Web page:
A Concise Guide to MICR and Associated Technologies
By: Charles Katz
The Sort-A-Matic system included 100 metal or leather dividers numbered 00 through 99. Each check was placed in the corresponding divider by the first two numbers of the account. The sorting process was then repeated for the next two digits of the account number, and so on. When the process was complete, the checks were grouped by account number.
Under the Top Tab Key Sort system, small holes punched at the top of the checks indicated the digits. For instance, the first hole indicated the value of the first digits (0, 1, 2, 3...) A metal "key" was inserted through the holes to separate all of the checks with the same value in the first digit, and this step was repeated for each digit until all the checks were sorted.
Both of these systems worked, but they were time-consuming. With the advent of the computer and its movement from the laboratory into the business world, a sorting and matching task seemed ideal. Stanford University and Bank of America were the first to successfully use computers to sort and match checks. They developed what is now known as MICR.
The Development of the MICR Font
The MICR font was developed by Stanford University in conjunction with Bank of America and approved by the American Banking Association. The font is known as the E-13B font. E-13B has a total of 14 characters: ten specially designed numbers (0 through 9) and four special symbols (Transit, Amount, On-Us, and Dash).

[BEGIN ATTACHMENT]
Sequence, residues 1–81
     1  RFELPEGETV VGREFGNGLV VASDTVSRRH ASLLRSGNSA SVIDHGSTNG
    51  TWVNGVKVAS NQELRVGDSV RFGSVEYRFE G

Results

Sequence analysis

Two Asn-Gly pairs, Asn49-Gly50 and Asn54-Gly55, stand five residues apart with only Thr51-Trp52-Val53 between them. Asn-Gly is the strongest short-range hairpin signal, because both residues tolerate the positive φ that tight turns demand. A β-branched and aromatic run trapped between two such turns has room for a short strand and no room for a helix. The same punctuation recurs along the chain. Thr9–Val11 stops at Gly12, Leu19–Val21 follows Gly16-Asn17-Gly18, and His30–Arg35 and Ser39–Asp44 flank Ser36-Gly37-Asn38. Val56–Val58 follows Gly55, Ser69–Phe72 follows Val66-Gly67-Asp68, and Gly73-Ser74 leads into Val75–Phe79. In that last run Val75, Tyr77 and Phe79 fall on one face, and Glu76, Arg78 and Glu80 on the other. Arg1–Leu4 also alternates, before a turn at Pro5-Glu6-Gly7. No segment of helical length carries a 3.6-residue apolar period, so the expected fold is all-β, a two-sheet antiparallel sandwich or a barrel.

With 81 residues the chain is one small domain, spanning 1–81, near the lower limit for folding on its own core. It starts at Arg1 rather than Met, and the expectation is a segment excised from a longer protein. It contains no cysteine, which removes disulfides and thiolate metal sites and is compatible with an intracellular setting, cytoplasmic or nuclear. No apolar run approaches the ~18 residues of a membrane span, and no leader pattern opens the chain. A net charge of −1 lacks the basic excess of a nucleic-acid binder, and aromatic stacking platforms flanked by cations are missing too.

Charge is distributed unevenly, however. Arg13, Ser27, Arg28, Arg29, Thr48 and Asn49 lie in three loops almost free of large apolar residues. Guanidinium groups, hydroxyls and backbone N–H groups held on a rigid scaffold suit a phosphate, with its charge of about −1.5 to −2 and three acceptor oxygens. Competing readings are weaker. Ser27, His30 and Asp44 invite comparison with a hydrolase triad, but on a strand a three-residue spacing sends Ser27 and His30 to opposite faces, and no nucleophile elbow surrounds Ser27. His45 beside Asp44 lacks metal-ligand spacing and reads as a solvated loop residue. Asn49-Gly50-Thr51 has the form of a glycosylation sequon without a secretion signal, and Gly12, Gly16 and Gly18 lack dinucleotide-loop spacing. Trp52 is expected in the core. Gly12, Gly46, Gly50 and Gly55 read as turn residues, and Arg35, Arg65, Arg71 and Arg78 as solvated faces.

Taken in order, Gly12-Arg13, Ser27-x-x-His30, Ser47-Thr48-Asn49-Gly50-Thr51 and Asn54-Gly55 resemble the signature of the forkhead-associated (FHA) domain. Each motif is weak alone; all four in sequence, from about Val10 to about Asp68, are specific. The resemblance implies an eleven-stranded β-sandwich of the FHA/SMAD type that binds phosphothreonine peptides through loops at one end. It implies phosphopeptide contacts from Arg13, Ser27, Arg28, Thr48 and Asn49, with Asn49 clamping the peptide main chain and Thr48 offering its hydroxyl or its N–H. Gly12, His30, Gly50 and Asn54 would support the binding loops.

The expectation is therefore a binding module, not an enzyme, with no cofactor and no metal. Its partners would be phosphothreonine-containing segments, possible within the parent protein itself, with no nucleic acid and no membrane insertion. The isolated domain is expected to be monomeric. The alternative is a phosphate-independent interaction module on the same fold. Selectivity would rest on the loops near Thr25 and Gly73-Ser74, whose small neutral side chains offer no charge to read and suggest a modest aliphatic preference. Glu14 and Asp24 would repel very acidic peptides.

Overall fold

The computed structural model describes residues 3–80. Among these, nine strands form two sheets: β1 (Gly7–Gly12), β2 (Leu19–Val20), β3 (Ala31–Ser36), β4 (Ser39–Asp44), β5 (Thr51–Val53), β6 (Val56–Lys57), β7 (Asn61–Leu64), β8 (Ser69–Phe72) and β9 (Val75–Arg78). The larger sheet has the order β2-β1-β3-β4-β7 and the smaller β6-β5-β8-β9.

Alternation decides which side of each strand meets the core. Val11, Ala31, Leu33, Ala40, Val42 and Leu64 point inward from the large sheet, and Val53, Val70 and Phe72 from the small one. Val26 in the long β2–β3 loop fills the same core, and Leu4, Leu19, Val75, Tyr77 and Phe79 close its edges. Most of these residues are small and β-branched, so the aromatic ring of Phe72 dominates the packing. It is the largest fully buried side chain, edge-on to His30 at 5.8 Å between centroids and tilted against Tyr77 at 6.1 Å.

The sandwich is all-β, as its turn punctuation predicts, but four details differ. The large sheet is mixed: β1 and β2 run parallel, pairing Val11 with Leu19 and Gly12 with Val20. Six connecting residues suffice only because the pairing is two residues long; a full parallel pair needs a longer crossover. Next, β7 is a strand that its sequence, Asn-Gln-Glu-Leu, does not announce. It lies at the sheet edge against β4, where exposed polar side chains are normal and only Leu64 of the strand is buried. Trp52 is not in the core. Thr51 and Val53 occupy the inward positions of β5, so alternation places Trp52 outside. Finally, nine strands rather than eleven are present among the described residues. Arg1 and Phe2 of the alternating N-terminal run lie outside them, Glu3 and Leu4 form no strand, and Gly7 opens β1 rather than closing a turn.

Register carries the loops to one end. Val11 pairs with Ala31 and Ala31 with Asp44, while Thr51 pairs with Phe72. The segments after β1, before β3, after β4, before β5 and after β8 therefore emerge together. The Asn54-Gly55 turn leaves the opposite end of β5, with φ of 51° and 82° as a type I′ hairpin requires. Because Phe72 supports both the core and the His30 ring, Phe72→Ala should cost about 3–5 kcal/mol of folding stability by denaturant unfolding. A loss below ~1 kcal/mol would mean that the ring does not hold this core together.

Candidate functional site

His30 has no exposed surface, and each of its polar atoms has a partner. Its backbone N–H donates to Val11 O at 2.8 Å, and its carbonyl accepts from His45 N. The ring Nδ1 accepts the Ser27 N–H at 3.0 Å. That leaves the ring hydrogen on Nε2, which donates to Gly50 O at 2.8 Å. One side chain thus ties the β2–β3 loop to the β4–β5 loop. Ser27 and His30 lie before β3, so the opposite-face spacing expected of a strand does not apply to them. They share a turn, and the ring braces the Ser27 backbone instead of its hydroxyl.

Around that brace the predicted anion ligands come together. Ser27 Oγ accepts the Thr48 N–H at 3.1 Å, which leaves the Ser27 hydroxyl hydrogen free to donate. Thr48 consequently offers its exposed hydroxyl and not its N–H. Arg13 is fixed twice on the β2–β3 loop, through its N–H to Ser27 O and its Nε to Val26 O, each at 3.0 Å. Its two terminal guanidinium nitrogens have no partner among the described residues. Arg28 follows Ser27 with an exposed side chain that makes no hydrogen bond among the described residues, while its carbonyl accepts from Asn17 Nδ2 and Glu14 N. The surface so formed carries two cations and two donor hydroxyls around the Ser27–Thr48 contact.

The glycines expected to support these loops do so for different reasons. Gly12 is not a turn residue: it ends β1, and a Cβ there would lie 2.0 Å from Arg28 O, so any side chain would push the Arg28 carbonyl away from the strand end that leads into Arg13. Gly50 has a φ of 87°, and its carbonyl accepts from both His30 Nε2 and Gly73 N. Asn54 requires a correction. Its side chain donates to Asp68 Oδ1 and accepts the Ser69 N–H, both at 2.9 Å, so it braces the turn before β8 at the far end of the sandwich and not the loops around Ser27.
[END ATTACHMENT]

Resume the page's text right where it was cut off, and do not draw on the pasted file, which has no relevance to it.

The letter E indicates the fifth version considered. The letter B indicates the second revision of that version. The number 13 is derived from the 0.013-inch module construction used for stroke and character width. This means that all character widths, both horizontal and vertical, are in multiples of 0.013 inches ranging from 0.052 to 0.091. The significance of this will be explained more thoroughly later in this article.
Three types of machines are used to read MICR characters. The two that read the characters magnetically are referred to as MICR readers. The third machine is an Optical Character Recognition (OCR) reader.
E-13B characters are printed with toner containing iron oxide, which is capable of being magnetized. MICR readers transport the checks containing the E-13B magnetic characters past a magnet, thereby magnetizing the iron oxide particles. The magnetized characters then pass under a magnetic read head. The magnetic field (flux pattern) caused by the magnetized characters generates a current in the read head. The strength and timing of this current allows the reader to decipher the characters.
Magnetic readers come in two types: single track (single gap or split scan) and multiple track (matrix or pattern) readers.
Single-Track Reader Characteristics